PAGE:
These decisions, in which Scow-croft had a guiding hand, were matters of judgment and are still worthy of debate. But to the authors of In the Shadow of the Oval Office it is a seemingly infallible rule that good process is more important than sound instincts and wise decisions. Ironically enough, this is a thesis that, over and over again, their book inadvertently disproves.

Scowcroft is but one example. For their part, Reagan’s national-security advisers appear to have been responsible for any number of missteps and bewildering zig-zags—yet, despite a less than pristinely functioning process, the administration deserves credit for ushering in the collapse of the Soviet empire, the most significant national-security achievement since World War II. Conversely, Carter’s most important—perhaps only—foreign-policy success came at Camp David, where he presided over a peace agreement between Israel and Egypt; but as Daalder and Destler themselves remind us, the Camp David accords were made possible only by deliberately leaving Brzezinski out of the process and allowing little interagency consultation. They fail to note the even more significant fact that both Israel and Egypt came to Camp David determined to make a deal.

The inability to distinguish between failures of process and failures of policy is apparent as well in Daalder and Destler’s treatment of the second Bush administration. They excoriate Secretary of Defense Donald Rumsfeld for allegedly running roughshod over process, refusing to return phone calls from Condoleezza Rice, and ignoring “a thick study on ‘The Future of Iraq’ that the State Department had prepared.” While the full story of the management of the Iraq war has yet to be told, surely Rumsfeld’s greater error lay in not recognizing the need for a surge of troops—an idea that emerged not from a thick report or a smoother national-security process but from the persuasiveness of General David Petraeus in Iraq.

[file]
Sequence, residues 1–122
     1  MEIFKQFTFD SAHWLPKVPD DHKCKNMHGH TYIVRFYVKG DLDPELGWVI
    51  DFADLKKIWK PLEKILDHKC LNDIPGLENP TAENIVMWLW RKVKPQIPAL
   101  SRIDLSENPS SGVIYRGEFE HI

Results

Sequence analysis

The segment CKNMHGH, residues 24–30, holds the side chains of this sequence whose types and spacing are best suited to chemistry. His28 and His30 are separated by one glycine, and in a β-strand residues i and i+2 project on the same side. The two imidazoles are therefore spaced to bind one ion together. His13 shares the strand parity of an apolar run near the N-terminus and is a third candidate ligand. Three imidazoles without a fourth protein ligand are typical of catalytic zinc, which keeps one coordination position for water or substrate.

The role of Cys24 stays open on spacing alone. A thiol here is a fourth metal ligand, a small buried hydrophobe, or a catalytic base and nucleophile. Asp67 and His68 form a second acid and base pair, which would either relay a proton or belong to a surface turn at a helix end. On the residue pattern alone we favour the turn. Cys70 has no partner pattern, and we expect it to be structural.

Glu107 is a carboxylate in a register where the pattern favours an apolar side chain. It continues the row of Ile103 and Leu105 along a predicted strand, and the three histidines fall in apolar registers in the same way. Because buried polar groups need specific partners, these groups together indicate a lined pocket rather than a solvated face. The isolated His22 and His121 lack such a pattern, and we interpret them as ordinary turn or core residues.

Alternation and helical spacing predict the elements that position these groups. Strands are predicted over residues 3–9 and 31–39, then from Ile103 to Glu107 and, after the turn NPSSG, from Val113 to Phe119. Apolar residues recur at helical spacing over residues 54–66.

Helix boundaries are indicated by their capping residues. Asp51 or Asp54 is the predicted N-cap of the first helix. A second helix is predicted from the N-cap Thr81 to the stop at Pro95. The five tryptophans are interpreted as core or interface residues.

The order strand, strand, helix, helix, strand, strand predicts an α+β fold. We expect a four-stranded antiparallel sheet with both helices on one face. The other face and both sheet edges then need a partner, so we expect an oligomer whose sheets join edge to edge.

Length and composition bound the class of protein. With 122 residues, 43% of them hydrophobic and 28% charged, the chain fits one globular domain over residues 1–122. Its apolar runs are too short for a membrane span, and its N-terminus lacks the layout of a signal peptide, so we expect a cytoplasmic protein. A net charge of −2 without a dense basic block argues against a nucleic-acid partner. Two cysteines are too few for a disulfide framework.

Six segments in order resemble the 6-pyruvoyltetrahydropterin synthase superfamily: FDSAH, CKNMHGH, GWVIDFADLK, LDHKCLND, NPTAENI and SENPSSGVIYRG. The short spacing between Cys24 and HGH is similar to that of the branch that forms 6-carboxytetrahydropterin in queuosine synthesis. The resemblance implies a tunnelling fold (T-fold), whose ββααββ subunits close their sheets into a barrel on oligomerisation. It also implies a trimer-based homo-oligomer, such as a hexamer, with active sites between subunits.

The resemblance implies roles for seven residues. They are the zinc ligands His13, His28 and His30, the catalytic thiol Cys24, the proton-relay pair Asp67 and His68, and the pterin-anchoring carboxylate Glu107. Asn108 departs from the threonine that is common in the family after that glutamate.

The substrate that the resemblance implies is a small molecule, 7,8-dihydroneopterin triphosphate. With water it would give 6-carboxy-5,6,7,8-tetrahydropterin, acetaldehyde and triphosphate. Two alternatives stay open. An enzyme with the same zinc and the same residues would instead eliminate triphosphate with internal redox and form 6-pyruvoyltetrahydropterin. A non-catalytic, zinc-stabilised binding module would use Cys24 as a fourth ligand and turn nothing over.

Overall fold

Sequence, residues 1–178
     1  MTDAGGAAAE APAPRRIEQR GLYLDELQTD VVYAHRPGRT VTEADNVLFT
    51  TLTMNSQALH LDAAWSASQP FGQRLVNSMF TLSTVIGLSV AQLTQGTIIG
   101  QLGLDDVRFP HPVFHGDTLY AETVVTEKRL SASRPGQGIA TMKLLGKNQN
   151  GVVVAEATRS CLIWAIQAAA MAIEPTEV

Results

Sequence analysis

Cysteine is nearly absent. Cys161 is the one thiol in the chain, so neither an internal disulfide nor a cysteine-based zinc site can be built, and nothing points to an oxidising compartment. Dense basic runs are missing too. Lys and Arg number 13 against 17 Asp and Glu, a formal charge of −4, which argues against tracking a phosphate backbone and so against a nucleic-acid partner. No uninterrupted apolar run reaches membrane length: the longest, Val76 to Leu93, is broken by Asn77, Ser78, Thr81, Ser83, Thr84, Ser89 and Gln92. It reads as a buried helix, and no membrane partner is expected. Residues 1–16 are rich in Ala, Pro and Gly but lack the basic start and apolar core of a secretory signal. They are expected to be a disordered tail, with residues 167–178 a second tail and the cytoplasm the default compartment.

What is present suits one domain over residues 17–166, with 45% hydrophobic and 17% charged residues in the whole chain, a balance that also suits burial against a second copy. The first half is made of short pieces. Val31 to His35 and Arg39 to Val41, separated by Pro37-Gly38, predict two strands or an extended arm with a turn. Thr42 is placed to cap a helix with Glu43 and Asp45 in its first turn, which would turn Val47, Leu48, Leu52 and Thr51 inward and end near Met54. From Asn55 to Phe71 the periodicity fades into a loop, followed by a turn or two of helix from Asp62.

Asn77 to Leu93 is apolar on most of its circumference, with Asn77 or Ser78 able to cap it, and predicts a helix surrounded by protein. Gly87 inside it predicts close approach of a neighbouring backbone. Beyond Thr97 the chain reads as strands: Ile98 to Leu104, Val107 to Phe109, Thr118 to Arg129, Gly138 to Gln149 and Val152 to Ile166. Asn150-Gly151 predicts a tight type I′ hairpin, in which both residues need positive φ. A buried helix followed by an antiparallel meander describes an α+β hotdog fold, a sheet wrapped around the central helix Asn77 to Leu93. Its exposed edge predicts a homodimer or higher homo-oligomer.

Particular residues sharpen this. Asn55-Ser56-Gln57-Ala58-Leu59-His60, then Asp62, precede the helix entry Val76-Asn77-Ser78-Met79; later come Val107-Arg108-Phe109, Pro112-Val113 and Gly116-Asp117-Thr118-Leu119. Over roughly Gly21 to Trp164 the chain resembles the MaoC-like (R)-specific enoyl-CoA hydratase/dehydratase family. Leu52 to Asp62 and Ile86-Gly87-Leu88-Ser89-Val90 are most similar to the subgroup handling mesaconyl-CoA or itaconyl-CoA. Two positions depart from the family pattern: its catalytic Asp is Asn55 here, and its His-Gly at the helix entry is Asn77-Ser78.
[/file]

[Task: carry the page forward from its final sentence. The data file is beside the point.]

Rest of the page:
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The real lesson of In the Shadow of the Oval Office is thus not the one the authors want to press upon us. Process or no process, the relationship between a President and his top advisers is necessarily idiosyncratic. Kennedy liked to stage brain-storming sessions. Clinton preferred to have his advisers bring him a forged consensus. Reagan was inattentive to details but clear about the larger purposes of American foreign policy. George H.W. Bush surrounded himself with advisers who, like him, had worked in Washington for decades. Barack Obama has appointed a national-security adviser he barely knows and a Secretary of State he barely likes. To each his own.

This book would have us believe that a solid formula exists for achieving effective policy—one that can be easily replicated by future presidential advisers. Most readers will draw a different conclusion: efficient process is no substitute for the right mix of coherent views, confident leadership, fortuitous timing, and luck.

About the Author

Daniel Casse is a senior director of the White House Writers Group, a Washington, D.C. communications firm.